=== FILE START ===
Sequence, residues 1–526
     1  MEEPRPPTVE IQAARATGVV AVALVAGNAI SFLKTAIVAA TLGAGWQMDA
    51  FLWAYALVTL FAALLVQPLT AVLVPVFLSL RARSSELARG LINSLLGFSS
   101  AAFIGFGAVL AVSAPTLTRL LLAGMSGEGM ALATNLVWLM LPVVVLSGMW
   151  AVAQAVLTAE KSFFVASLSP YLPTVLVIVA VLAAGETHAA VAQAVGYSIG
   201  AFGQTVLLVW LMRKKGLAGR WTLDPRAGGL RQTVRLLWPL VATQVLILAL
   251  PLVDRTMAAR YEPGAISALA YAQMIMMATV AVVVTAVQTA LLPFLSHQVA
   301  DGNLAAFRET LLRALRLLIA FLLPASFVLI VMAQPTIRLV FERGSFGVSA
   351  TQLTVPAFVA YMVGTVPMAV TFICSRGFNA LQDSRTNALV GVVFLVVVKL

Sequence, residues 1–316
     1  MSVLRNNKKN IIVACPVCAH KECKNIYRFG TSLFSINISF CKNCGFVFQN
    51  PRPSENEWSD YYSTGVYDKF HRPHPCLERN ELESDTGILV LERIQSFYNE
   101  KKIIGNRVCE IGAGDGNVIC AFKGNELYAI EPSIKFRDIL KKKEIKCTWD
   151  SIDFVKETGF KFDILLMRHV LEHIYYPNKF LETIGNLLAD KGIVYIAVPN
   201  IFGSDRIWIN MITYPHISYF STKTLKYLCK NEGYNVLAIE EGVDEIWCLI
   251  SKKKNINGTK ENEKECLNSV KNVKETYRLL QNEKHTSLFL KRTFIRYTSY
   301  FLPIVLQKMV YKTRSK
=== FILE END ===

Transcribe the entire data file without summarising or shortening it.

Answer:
Sequence, residues 1–526
     1  MEEPRPPTVE IQAARATGVV AVALVAGNAI SFLKTAIVAA TLGAGWQMDA
    51  FLWAYALVTL FAALLVQPLT AVLVPVFLSL RARSSELARG LINSLLGFSS
   101  AAFIGFGAVL AVSAPTLTRL LLAGMSGEGM ALATNLVWLM LPVVVLSGMW
   151  AVAQAVLTAE KSFFVASLSP YLPTVLVIVA VLAAGETHAA VAQAVGYSIG
   201  AFGQTVLLVW LMRKKGLAGR WTLDPRAGGL RQTVRLLWPL VATQVLILAL
   251  PLVDRTMAAR YEPGAISALA YAQMIMMATV AVVVTAVQTA LLPFLSHQVA
   301  DGNLAAFRET LLRALRLLIA FLLPASFVLI VMAQPTIRLV FERGSFGVSA
   351  TQLTVPAFVA YMVGTVPMAV TFICSRGFNA LQDSRTNALV GVVFLVVVKL

Sequence, residues 1–316
     1  MSVLRNNKKN IIVACPVCAH KECKNIYRFG TSLFSINISF CKNCGFVFQN
    51  PRPSENEWSD YYSTGVYDKF HRPHPCLERN ELESDTGILV LERIQSFYNE
   101  KKIIGNRVCE IGAGDGNVIC AFKGNELYAI EPSIKFRDIL KKKEIKCTWD
   151  SIDFVKETGF KFDILLMRHV LEHIYYPNKF LETIGNLLAD KGIVYIAVPN
   201  IFGSDRIWIN MITYPHISYF STKTLKYLCK NEGYNVLAIE EGVDEIWCLI
   251  SKKKNINGTK ENEKECLNSV KNVKETYRLL QNEKHTSLFL KRTFIRYTSY
   301  FLPIVLQKMV YKTRSK